Rainscaping Guide: Design & Build a Rain Garden

Now that you have determined that a rain garden is right for your site, you are ready to design and build one! These steps will guide you through the process (click on each topic in the flowchart below to view that section):

Flowchart

Design and Build a Rain Garden flowchartDecide Which Rain Garden Elements to Include

A rain garden design requires that certain features or elements be included to maximize its potential to manage rainwater effectively. Each of the areas or zones of a rain garden dictates what plants can be used based on potential moisture levels in the soil.

Settling Basin
This is at the lowest depth of the rain garden and is the ponding area where the majority of the water is temporarily held. The basin is approximately 6″ deep and is the last area of the rain garden to dry out. As the water flows into and fills the basin, it is slowed down. It is here that much of the water is absorbed and filtered by the soil and plants.

Transition Zone
This area surrounds the basin and is often referred to as the lower and upper slopes of the rain garden. The sloped sides of a bioswale and the bioswale itself are also considered transition zones. Soil in this zone dries out more quickly than the basin.

Berm
When installing a rain garden on a slope, a berm is constructed on the downhill side using the soil excavated from the basin to create the berm. When building the berm, the soil should be firmed and reinforced with biodegradable erosion netting and vegetation to increase its stability and prevent settling. If the rain garden is on flat ground, a berm is not necessary. Look for ways to use the excavated soil elsewhere on the property for other projects.

Rain garden and bioswaleBioswale
A bioswale is a linear, open, vegetated channel that directs rainwater runoff from its source to a rain garden, from a rain garden to the traditional rainwater system (culvert, etc.), directs water flow through a property, or simply catches water as it flows off edges of pavement. It functions like a rain garden by slowing water flow and allowing water to be absorbed by the soil and plants. In some situations, such as narrow spaces and steep slopes, bioswales are used either instead of rain gardens or to connect many small rain gardens together. The use of erosion control fabric, or 2–3″ diameter gravel/stone is recommended in areas of potential high water flow to prevent erosion, especially during the plant establishment phase.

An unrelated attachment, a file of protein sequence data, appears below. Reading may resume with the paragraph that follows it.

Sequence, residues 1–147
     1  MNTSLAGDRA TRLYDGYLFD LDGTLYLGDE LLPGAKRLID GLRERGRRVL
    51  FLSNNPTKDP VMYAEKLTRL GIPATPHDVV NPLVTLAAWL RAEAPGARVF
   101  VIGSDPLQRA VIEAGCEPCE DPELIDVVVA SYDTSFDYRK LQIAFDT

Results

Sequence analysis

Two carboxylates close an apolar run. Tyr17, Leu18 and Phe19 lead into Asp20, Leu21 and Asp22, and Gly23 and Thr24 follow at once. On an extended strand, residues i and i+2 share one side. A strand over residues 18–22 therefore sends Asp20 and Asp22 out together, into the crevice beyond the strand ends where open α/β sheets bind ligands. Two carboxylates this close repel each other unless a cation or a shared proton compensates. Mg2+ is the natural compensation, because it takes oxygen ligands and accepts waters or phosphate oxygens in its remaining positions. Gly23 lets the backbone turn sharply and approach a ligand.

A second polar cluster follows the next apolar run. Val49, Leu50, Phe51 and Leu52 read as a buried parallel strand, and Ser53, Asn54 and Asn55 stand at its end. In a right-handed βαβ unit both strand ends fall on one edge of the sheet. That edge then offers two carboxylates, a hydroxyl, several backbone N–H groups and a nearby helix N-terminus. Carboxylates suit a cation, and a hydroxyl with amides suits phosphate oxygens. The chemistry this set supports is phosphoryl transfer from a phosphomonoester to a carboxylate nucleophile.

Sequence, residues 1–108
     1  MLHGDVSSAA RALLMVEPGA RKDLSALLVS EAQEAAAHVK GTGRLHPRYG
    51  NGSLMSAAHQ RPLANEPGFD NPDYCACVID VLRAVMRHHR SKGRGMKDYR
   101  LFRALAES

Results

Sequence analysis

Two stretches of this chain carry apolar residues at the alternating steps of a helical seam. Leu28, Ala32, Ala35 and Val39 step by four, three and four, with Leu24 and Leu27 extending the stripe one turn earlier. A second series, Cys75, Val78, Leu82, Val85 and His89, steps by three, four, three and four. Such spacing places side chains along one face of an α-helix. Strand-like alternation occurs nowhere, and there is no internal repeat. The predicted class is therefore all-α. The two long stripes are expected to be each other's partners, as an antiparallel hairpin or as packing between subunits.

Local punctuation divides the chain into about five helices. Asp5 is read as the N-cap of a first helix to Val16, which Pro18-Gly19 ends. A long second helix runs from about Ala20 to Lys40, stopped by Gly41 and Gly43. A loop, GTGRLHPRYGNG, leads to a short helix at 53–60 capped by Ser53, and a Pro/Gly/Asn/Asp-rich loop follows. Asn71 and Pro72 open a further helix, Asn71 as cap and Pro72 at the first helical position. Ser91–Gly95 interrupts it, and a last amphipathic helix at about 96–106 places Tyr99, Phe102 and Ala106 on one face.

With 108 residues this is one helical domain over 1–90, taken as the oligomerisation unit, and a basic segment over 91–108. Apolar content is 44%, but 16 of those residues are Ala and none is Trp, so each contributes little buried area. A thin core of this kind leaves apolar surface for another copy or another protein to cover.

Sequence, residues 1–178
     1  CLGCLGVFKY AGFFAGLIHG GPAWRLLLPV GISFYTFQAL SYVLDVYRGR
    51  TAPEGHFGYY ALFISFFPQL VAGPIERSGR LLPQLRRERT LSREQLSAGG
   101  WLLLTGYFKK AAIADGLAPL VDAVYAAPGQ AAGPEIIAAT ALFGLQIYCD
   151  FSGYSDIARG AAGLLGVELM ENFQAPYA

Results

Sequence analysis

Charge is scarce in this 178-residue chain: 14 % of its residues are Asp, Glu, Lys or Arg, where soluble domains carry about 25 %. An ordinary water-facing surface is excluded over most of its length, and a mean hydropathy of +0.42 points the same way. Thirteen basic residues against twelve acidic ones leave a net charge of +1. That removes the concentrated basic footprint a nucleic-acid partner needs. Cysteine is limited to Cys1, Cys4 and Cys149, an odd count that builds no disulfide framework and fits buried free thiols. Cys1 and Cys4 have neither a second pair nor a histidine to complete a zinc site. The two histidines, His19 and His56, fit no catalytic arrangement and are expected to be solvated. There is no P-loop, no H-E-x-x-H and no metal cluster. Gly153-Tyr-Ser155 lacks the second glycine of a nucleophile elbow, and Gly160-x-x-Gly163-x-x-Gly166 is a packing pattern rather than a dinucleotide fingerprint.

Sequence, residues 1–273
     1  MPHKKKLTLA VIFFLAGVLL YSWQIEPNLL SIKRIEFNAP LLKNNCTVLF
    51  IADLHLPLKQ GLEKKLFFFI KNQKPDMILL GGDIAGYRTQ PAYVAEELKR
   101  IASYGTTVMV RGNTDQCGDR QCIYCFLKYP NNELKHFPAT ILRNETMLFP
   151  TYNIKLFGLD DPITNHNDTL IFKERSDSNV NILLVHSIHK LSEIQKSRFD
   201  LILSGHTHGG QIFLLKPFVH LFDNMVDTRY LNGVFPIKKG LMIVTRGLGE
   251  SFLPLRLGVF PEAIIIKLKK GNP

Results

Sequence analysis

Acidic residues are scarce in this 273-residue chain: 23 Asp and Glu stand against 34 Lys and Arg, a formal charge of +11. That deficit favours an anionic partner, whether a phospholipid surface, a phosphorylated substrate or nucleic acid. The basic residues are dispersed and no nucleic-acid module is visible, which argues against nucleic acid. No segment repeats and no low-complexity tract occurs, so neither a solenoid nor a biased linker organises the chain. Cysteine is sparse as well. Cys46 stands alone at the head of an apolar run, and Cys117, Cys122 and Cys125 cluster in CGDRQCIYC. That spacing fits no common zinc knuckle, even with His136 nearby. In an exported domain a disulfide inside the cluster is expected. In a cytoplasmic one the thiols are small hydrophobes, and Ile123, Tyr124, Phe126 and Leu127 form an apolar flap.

Rain garden overflowOverflow Spillway
An overflow spillway is a small indentation in the berm of a rain garden that serves as the point where excess water will flow out of the garden should it overfill during a major rain storm. This indentation can also be filled with gravel. The indentation should be made on the downhill side and is used to direct water flow towards the traditional rainwater system (culverts, etc.). An option is to construct a bioswale below the overflow spillway rather than allowing runoff to flow over the lawn.

Continue on to Organize Water Flow

 

Link to Is a Rain Garden Right for Your Site? section Link to Determine Rain Garden Size and Depth section Link to Decide Which Rain Garden Elements to Include section Link to Organize Water Flow section Link to Select Plants section Link to Gather Tools and Supplies section Link to Lay It Out and Dig In section Link to Plant the Rain Garden section Link to Maintain the Rain Garden section
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The Missouri Botanical Garden Rainscaping Guide is partially funded by the Mabel Dorn Reeder Foundation and US EPA Region 7 through the Missouri Department of Natural Resources (subgrant number G11-NPS-15), under Section 319 of the Clean Water Act.